The Charles Bridge stands as an iconic stone Gothic structure, gracefully arching over the Vltava River in the enchanting city of Prague, Czech Republic. Its construction commenced in 1357 under the auspices of King Charles IV and reached completion in the early 15th century. Serving as the sole passage across the Vltava River, the Charles Bridge held pivotal significance as the primary link connecting the Old Town with the vicinity surrounding Prague Castle.

This vital connection endowed Prague with prominence as a pivotal trade route bridging Eastern and Western Europe. Today, it stands as one of Prague’s most frequented attractions, adorned by artists, kiosks, and various vendors, drawing a multitude of tourists who traverse its historic expanse.

4. Tower Bridge

Tower Bridge, an architectural marvel, seamlessly combines the elements of a bascule and suspension bridge, gracefully spanning the River Thames in the heart of London. Its proximity to the historic Tower of London lends it both its name and an enduring association with the city’s identity, making it an iconic symbol of London itself.

The ambitious construction of Tower Bridge commenced in 1886, culminating in its completion after eight years of meticulous effort. This distinguished bridge comprises two towering structures intricately connected at the upper level by a pair of horizontal walkways, meticulously designed to withstand the formidable forces exerted on the suspended sections of the bridge.

3. Millau Bridge

The Millau Viaduct is a colossal cable-stayed road bridge that gracefully stretches across the scenic valley of the Tarn River, nestled near the town of Millau in southern France. Distinguished as the world’s loftiest vehicular bridge, it features the highest pinnacle of its pylon soaring to an astounding height of 343 meters (1,125 feet)—marginally surpassing the Eiffel Tower’s summit.

Originally, the speed limit on this bridge was set at 130 km/h (81 mph). However, this limit was subsequently reduced to 110 km/h (68 mph) owing to traffic slowing down significantly. This phenomenon occurred because tourists couldn’t resist capturing photographs of the bridge while traveling across it. Shortly after the bridge’s inauguration for vehicular traffic, passengers found themselves compelled to pause, admire the breathtaking landscape, and marvel at the bridge’s architectural magnificence.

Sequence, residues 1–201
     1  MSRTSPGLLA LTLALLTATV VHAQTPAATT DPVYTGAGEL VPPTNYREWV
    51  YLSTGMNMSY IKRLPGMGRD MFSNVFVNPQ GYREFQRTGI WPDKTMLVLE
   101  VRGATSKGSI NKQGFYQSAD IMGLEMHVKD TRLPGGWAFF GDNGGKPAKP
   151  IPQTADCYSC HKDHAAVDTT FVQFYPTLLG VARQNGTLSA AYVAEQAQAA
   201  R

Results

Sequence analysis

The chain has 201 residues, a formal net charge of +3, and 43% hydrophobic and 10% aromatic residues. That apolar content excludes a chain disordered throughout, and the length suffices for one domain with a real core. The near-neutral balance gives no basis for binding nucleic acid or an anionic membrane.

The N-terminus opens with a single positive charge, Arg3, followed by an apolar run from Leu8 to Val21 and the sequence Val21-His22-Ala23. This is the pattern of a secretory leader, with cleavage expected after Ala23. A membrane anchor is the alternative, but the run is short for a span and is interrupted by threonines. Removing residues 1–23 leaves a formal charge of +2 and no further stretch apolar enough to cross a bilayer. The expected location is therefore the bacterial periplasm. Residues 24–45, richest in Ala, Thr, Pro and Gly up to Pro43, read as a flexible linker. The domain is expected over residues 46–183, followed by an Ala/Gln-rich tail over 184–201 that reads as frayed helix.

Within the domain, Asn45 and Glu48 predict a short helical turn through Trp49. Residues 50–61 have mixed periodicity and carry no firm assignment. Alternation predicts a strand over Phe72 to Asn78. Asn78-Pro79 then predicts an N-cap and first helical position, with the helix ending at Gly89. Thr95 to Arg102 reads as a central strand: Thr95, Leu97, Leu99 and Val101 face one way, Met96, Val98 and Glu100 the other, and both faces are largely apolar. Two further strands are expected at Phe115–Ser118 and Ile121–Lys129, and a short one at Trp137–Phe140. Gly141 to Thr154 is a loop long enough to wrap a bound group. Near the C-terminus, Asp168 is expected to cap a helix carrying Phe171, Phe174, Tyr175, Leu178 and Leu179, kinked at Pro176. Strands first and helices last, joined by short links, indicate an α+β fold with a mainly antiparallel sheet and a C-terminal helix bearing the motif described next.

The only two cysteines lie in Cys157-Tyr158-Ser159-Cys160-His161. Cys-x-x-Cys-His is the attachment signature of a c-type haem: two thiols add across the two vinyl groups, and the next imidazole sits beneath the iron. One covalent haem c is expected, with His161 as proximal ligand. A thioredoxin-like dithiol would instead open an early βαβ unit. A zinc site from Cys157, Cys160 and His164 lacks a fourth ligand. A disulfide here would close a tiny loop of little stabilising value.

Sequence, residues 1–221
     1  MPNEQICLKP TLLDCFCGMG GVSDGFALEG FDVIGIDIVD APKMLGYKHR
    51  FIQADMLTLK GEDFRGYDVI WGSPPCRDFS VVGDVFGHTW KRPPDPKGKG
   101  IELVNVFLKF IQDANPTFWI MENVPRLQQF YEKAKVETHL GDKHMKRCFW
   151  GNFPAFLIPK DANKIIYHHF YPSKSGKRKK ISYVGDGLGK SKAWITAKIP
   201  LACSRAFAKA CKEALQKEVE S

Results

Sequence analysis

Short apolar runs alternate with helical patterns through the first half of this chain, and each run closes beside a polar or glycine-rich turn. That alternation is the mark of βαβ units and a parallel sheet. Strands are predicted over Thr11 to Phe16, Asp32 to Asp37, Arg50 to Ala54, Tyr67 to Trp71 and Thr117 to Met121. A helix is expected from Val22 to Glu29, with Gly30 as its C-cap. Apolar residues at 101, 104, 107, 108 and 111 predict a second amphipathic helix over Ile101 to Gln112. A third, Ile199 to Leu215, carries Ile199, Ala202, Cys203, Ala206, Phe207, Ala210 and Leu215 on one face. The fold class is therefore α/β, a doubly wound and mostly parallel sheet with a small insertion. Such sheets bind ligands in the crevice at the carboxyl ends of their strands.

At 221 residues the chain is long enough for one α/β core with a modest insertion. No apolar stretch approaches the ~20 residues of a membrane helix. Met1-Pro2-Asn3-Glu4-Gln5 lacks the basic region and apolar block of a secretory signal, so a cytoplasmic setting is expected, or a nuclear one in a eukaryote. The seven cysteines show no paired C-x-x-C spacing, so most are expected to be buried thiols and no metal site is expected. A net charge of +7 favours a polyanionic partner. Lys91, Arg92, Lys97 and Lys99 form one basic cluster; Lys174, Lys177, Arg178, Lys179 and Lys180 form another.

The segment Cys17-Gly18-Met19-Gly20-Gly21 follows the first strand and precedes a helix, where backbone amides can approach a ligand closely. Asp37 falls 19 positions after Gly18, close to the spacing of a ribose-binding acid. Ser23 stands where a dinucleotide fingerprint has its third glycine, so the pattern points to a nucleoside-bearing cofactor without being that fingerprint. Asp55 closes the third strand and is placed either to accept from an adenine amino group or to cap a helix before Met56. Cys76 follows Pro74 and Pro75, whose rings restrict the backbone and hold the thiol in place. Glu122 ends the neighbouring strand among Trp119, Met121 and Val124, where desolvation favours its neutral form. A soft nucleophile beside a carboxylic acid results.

2. Golden Gate Bridge

The Golden Gate Bridge, a captivating suspension bridge, elegantly stretches across the expanse of the Golden Gate, the strait connecting San Francisco to Marin County in the north. This architectural masterpiece, conceived by the visionary Joseph B. Strauss—whose statue adorns the southern observation deck—embodied a seven-year construction effort, ultimately achieving completion in 1937.

Upon its inauguration, the Golden Gate Bridge proudly held the distinction of being the world’s longest suspension bridge span, a title that added to its allure as one of San Francisco’s and California’s premier tourist attractions. Over time, the bridge’s span length was eclipsed by eight other remarkable bridges. The iconic hue of red-orange was deliberately selected for the bridge’s exterior, serving as a strategic choice to enhance visibility through the region’s frequent and enveloping fog.

1. Ponte Vecchio

The Ponte Vecchio, which translates to “old bridge” in Italian, is a venerable Medieval bridge that spans the picturesque Arno River within the enchanting city of Florence. Remarkably, this bridge stands as the sole Florentine bridge to have emerged unscathed from the ravages of World War II.

What lends the Ponte Vecchio its distinctive charm is the enduring presence of shops nestled along its historic span, echoing a tradition that harkens back to the era of the powerful Medici family. Originally, these shops were occupied by butchers, but in modern times, they have found new purpose as homes to jewelers, art dealers, and souvenir vendors.

Interestingly, the concept of bankruptcy is believed to trace its origins to this very location. When a merchant found himself unable to settle his debts, soldiers would physically break the table on which he displayed his goods, referred to as the “banco.” This practice came to be known as “bancorotto,” literally translating to “broken table.”